Alister McGrath remembers Ravi Zacharias: “As evangelicalism became increasingly aware of the importance of rediscovering and reasserting the public truth of the gospel, Zacharias emerged as one of the leading exponents of the new concern to engage cultural and political opinion-makers. Many would single out the first Veritas Forum at Harvard University in 1992 as marking a significant change in the apologetic landscape. Christian writers—including Zacharias—showed they were able to defend the rationality and relevance of the gospel in public debate.”


Daniel Silliman tells the story of Joyce Lin: “’We feel a great sense of loss but a great sense of comfort as well, because Joyce was doing what she loved to do and she was faithful to the calling that God had placed on her life,’ David Holsten, president of MAF, told Christianity Today. ‘She gave her life serving the Lord in a way that was impacting others.’ MAF has not had a fatal accident in 23 years, Holsten said. Civil aviation authorities are investigating the cause of the crash. There were no other passengers on board because of coronavirus flight restrictions, according to Hoaglun. Travel remains restricted in Indonesia, but MAF has permission to fly cargo and people facing medical emergencies.”


Laura Martin reviews Aimee Byrd’s new book: “But besides that, it has divided men and women in the church, in a variety of ways. Instead of learning and serving together in the church as co-laborers for the gospel, the body of Christ has ended up like two bodies! A gender ghetto developed, false dichotomies made, and the church has suffered as a result. Men and women have been reduced to simplistic stereotypes, unable to function in the fullness that God intended for them as men and women, faithfully reflecting their Creator. Women in particular have been fed a diet of limited and anemic teaching. The book carefully looks at a study Bible for men and a study Bible for women, and notes how the Bible ends up interpreted through a lens of biblical manhood and womanhood (and an accompanying lens of authority and submission).”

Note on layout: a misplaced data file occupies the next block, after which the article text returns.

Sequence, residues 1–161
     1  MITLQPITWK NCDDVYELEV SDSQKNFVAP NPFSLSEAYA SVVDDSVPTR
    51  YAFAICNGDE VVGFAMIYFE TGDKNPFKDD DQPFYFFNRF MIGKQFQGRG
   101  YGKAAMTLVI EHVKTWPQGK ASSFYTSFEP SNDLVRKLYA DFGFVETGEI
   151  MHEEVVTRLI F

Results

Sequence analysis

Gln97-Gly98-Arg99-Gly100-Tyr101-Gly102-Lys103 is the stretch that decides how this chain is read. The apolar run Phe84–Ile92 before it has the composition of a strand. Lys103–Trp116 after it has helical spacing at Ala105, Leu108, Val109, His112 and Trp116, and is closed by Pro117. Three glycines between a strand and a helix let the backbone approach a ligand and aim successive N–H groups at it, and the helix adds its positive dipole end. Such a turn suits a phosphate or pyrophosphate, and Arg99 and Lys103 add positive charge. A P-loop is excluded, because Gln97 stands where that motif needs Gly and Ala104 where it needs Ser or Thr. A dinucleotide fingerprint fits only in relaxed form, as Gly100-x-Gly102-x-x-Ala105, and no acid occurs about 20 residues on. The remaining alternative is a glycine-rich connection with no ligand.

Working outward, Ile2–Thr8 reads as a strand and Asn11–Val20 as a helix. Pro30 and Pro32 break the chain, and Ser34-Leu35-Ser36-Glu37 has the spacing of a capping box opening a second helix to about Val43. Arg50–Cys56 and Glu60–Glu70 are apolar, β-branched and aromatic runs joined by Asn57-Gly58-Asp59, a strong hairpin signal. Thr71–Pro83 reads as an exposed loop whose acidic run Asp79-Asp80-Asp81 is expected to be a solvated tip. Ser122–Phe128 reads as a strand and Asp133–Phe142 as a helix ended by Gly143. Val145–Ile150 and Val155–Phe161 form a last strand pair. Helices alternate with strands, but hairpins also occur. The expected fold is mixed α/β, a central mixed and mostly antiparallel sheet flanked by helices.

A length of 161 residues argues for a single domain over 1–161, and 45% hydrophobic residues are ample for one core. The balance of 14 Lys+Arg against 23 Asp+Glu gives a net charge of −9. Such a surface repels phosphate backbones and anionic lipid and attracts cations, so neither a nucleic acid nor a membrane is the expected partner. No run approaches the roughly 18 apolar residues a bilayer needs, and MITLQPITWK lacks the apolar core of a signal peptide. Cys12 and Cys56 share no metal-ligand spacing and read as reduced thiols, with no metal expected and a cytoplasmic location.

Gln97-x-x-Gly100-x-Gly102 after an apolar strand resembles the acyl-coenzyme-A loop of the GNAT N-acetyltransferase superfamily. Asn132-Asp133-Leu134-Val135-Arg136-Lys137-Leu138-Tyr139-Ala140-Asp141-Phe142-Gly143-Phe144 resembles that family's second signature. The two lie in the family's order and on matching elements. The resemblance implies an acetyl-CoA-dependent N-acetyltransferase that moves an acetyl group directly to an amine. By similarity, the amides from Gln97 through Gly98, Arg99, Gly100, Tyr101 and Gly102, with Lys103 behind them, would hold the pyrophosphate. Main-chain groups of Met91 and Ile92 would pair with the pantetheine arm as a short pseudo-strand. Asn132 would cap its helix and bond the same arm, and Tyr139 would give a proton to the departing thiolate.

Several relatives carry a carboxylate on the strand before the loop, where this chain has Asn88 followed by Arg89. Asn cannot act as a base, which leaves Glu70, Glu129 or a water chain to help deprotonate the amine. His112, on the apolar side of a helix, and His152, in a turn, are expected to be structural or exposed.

Kim Shay faces her anxiety:I told very few people, and a couple of Christian friends who learned the truth gave me well-meaning advice, like that I should pray more or memorize Scripture. And one person left a tract in my church mailbox, reminding me that anxiety is a sin. As I looked at that tract, I felt utterly defeated. I questioned my salvation daily. Thankfully, my family doctor was far more sympathetic. He helped me deal with some of the many health issues which had cropped up, and then he suggested I get the anxiety under control. I decided to take medication. It saved me.”


Megan Hill discovers that going to church increases the holiness of believers: “It wouldn’t take too long before the neglected church building would become derelict—entirely unusable for the congregation’s work and worship. From this perspective, an occasional Saturday morning with a mop looks extremely important. Of course, thoughtlessly discarded candy wrappers are only a small part of our problem as a church. Gossip, unkindness, lust, greed, pride, partiality, anger, idolatry, and selfishness also pollute the covenant community. They spread and multiply like mold, corrupting everything they touch. If we don’t persistently address our personal and corporate sins, they will overwhelm us.”